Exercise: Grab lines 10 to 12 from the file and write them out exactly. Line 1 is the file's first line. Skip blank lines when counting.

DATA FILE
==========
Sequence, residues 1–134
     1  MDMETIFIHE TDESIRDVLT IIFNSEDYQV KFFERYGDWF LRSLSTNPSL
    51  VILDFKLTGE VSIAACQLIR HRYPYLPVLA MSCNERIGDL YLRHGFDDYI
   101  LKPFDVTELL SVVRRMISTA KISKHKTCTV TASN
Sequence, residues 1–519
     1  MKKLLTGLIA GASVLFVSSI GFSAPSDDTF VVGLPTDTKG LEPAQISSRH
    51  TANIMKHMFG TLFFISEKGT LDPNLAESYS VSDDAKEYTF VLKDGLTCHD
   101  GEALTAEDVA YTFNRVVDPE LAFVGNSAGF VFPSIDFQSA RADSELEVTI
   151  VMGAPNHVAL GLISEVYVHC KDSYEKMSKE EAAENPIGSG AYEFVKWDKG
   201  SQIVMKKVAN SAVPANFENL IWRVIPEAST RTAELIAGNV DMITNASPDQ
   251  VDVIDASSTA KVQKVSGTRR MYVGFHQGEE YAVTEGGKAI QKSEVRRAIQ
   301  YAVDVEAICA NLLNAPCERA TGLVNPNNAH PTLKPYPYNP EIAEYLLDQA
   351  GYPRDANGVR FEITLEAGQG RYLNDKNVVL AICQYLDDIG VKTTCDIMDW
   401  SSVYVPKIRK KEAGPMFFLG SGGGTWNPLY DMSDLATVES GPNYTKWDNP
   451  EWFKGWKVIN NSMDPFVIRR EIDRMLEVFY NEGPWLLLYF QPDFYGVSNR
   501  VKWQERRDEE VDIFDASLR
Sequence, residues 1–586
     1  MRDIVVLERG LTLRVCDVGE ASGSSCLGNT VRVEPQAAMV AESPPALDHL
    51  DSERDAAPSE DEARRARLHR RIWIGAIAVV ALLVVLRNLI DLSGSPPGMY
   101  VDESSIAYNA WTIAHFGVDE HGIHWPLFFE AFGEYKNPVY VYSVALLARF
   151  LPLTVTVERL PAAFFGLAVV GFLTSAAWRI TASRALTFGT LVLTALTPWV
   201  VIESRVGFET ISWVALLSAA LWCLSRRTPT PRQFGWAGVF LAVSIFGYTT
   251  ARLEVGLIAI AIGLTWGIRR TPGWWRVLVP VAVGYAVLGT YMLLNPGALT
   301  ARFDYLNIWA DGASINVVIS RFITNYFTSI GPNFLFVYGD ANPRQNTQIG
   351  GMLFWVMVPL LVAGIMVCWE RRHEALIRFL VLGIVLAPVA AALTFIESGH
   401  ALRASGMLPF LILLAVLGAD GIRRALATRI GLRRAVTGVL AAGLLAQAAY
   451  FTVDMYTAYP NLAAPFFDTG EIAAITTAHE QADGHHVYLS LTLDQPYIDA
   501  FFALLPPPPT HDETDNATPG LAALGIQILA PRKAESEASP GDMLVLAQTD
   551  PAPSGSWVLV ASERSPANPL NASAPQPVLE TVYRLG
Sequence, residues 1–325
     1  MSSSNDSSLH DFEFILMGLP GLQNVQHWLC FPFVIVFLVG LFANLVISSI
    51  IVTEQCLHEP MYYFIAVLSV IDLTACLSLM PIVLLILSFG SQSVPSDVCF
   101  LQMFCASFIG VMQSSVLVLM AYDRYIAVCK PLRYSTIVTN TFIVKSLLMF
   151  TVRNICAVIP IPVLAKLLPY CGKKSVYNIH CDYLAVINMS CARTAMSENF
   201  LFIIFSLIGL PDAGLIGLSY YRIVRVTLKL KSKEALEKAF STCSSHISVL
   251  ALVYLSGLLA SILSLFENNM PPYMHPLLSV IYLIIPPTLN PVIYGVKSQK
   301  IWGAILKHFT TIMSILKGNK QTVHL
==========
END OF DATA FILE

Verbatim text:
   201  SQIVMKKVAN SAVPANFENL IWRVIPEAST RTAELIAGNV DMITNASPDQ
   251  VDVIDASSTA KVQKVSGTRR MYVGFHQGEE YAVTEGGKAI QKSEVRRAIQ
   301  YAVDVEAICA NLLNAPCERA TGLVNPNNAH PTLKPYPYNP EIAEYLLDQA